Home genetic testing, pros and cons

Recently I have been getting interested in home genetic testing. I have written a few articles about this matter, including a 3 part post on the Bassetti Foundation website about a conference that I attended a couple of weeks ago at Harvard University.

The speaker at the conference was Anne Wojcicki, CEO of the world’s largest commercial genetic company called 23andMe. They offer a kit that you spit into and send back, then they analyze 4 million variables and you check out the results online.

Recent technological advancements have brought the price down beyond belief. What cost $100 000 a few years ago and took months cost $1000 last year and now $300  and can be done while you wait.

What they call Next Generation Genetic Testing has meant that the analysis has become incredibly more intricate, where as a few years ago they analyzed a few thousand proteins, they can now do millions, so if you already had your genome sequenced a few years ago you might want to re-do it to gain ever more information.
A strand of genomeAs I said I went to this conference with the CEO from 23and Me. They are a relatively new company but have the majority of the market share in DNA genetic analysis. The CEO very much presented her organization in business terms, but continuously highlighted the research they conduct in looking for cures for new diseases. They have amassed an enormous database and can conduct statistical analysis on Gene mutations in a few hours that only a few years ago (or without them they argue) would take years.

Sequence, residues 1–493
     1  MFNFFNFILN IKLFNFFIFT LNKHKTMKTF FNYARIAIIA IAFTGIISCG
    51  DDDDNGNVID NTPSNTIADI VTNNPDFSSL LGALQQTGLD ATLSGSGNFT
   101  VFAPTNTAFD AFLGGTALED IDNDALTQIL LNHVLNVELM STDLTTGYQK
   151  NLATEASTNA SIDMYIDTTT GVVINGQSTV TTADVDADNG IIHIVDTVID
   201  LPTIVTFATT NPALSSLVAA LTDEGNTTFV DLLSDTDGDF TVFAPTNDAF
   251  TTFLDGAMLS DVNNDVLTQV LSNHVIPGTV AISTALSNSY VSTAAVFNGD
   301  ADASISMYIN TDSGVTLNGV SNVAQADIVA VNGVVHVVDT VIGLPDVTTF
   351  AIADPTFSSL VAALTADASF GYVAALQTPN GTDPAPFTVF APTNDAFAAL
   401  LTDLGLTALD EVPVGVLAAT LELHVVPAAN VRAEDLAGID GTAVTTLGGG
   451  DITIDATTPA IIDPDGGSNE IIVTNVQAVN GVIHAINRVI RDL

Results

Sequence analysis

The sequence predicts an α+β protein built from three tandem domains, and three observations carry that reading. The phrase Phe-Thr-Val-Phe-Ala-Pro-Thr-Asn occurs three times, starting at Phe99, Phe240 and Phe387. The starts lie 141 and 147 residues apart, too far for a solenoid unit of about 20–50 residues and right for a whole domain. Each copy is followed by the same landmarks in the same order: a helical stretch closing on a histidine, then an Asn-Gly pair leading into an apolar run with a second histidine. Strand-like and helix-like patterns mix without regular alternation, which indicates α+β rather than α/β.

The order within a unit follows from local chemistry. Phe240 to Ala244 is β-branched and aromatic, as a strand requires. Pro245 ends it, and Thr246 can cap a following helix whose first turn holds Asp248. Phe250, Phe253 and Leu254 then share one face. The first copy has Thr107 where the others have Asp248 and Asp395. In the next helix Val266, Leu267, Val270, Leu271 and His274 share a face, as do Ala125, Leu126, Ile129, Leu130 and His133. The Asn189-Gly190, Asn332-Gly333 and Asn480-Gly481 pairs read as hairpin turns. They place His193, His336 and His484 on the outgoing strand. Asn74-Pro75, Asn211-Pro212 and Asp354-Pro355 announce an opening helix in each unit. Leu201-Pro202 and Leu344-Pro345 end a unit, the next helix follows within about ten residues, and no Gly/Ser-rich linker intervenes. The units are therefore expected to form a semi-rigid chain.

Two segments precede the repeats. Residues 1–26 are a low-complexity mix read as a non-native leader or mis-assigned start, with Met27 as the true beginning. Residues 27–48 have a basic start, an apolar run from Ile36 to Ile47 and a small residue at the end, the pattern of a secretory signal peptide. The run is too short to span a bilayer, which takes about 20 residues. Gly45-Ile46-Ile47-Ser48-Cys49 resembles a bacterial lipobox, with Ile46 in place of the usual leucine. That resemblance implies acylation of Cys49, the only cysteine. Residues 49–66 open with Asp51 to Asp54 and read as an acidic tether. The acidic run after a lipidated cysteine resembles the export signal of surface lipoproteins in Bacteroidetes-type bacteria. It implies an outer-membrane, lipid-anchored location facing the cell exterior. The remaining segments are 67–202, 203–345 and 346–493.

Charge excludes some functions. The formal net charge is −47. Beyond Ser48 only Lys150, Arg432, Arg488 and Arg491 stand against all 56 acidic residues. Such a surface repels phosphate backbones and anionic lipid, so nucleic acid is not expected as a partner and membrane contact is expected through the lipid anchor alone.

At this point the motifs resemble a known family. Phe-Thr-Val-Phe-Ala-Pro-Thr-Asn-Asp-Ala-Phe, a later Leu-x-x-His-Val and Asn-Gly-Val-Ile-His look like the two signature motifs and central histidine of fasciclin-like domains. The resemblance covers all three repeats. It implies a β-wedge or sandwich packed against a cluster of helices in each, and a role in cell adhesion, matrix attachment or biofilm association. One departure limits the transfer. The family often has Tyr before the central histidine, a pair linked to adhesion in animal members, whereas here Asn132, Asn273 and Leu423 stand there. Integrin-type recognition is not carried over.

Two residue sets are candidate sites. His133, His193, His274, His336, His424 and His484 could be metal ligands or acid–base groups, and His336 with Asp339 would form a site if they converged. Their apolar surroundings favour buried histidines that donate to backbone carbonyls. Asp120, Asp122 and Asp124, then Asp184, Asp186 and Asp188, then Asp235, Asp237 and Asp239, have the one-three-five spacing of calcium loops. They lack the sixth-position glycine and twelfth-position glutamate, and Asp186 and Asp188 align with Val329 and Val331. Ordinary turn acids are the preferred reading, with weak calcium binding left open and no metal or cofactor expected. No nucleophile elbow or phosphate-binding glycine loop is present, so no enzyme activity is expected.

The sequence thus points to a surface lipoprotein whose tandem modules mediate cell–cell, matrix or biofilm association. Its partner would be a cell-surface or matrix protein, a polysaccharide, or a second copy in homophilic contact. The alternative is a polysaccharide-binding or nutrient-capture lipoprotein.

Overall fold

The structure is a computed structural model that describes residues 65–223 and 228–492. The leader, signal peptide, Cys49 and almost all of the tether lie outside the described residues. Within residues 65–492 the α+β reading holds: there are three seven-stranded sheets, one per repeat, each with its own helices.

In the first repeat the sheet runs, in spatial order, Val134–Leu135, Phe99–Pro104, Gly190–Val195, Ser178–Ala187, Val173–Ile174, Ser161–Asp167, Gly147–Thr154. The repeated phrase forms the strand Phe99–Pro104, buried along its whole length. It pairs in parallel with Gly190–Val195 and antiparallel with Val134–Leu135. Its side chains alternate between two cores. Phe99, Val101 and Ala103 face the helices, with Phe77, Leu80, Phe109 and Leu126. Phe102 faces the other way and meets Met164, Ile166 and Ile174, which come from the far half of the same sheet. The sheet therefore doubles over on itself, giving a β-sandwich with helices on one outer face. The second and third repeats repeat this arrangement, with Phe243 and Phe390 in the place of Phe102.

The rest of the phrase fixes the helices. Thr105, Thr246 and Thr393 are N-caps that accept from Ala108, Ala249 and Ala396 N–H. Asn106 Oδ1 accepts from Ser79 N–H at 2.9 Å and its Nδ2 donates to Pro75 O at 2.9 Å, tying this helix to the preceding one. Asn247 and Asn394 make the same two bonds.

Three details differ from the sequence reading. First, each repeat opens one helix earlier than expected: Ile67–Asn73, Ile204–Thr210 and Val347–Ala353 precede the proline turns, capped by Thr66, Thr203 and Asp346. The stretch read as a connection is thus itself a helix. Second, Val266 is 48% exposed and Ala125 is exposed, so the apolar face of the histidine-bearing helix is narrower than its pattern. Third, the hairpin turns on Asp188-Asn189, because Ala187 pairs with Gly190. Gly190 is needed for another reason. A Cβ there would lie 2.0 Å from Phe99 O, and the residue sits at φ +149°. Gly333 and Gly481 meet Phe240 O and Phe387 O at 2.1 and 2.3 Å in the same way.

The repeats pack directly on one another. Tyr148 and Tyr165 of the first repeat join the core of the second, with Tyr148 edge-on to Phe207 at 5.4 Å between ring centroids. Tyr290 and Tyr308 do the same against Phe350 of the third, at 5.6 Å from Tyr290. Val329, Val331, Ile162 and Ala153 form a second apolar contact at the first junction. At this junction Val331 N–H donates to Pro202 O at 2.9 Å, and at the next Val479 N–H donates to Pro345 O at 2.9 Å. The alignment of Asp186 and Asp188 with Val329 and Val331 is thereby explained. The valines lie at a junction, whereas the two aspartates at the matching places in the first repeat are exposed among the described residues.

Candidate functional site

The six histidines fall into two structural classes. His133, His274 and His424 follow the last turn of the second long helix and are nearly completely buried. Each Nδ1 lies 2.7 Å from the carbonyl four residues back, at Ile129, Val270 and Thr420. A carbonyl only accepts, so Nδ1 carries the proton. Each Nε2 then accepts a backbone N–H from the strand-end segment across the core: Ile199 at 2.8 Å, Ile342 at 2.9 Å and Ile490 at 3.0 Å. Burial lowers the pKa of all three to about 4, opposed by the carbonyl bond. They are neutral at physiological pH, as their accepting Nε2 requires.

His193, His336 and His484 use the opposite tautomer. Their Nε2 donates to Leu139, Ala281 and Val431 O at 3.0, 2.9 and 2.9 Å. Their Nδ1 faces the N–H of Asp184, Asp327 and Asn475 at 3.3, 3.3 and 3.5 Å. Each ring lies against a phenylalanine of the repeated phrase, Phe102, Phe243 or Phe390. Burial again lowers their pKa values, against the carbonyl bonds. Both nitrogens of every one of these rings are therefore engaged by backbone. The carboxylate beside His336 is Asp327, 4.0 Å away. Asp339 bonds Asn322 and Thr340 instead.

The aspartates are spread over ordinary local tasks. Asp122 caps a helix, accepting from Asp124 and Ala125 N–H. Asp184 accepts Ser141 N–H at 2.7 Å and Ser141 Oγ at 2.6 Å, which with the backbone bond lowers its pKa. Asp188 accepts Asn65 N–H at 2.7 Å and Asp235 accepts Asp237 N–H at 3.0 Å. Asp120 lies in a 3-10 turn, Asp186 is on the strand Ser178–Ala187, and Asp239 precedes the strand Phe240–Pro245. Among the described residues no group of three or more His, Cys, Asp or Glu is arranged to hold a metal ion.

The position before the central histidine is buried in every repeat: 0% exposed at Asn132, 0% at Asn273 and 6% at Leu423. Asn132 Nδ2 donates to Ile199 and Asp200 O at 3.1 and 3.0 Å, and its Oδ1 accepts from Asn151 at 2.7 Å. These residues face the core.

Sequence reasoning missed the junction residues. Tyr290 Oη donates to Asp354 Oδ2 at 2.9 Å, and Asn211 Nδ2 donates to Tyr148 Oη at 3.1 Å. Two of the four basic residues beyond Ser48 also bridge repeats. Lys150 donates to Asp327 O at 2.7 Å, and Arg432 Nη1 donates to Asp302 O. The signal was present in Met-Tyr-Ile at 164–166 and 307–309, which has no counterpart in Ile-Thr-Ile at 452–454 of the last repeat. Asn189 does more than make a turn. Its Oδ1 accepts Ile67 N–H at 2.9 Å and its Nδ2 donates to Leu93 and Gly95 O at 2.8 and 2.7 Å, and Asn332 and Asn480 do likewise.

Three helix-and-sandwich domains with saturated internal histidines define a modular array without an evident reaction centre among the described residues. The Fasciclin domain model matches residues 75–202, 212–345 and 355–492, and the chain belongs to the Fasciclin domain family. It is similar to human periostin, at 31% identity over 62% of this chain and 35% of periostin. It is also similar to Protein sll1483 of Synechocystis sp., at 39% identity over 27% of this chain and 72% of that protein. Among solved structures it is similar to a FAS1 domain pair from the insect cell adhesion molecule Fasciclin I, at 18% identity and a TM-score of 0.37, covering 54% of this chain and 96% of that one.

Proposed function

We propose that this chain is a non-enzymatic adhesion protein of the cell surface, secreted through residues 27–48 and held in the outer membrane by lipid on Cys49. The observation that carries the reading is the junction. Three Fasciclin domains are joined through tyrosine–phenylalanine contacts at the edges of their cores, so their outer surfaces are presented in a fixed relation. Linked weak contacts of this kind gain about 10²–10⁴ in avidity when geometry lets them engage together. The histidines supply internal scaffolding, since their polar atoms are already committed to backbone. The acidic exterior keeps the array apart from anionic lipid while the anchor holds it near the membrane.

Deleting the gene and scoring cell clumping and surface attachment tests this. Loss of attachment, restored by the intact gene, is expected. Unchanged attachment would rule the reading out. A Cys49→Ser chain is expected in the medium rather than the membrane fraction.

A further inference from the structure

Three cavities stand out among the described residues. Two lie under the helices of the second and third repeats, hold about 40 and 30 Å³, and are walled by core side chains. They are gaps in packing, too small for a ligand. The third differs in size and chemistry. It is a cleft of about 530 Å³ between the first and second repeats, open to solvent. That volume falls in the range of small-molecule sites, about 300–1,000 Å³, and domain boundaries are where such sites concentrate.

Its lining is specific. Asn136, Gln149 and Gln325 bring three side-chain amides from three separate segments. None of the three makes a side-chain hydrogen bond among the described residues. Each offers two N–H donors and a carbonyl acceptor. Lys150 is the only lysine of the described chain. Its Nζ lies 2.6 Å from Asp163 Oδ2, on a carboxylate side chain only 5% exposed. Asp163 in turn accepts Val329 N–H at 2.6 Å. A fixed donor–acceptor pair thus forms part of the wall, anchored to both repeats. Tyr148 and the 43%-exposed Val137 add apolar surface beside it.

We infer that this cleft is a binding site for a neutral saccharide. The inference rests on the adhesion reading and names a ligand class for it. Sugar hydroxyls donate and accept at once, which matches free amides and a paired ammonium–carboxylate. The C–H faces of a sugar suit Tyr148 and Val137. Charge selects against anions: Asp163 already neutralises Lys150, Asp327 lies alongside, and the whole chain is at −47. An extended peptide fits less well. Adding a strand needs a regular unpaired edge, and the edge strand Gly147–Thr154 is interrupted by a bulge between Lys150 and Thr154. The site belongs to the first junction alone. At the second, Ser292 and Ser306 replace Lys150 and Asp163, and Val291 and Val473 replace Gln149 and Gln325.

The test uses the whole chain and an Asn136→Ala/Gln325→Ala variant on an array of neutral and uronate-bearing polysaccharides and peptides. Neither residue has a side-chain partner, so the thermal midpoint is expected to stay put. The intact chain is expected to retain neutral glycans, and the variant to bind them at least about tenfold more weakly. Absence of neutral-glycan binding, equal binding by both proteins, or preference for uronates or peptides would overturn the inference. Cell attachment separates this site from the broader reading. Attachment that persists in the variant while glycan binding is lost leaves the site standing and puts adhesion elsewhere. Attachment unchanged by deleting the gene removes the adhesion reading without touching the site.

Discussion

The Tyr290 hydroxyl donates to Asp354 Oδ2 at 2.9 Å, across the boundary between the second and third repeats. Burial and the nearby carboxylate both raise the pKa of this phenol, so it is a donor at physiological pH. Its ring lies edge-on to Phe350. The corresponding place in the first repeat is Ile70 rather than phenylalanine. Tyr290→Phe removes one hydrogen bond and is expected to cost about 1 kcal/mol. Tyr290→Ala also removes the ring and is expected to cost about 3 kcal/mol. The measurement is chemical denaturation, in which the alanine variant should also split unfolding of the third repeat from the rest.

So what do they actually provide you with for the money?

Results are viewed online, and consist in various types of analysis presented as bar charts, pie charts and statistics. So one line of interest is where your Genes come from, for example how much of you is from Africa, Asia, Europe or elsewhere. How much of you is Neanderthal.

Then we get into the interesting stuff about how your genes relate to your parents, who are you most like.

Carriers and sufferers of diseases learn about their mutations, so if you have or are carrying a genetic disorder this information is also presented.

Then we move onto risks for the future. What percentage rise in risk do you have in your genes for developing certain diseases? Maybe you have a 20% rise in risk of developing Alzheimer’s or getting breast cancer. Here we are moving out of the present and world of scientific analysis and into the world of risk.

A world of interesting information and probably very useful in many cases and just a bit of fun in others, but I would like to raise some issues about the above.

No doctors are involved in giving this information, an individual reads their results online, so one of my reservations is about interpretation. What does a 20% rise in risk of breast cancer mean? How does an individual react to such news? What can or will they do? Also in terms of a negative result what are the effects? I have reduced risk of contracting breast cancer so I skip my mammogram for a few years, after all I am at low risk.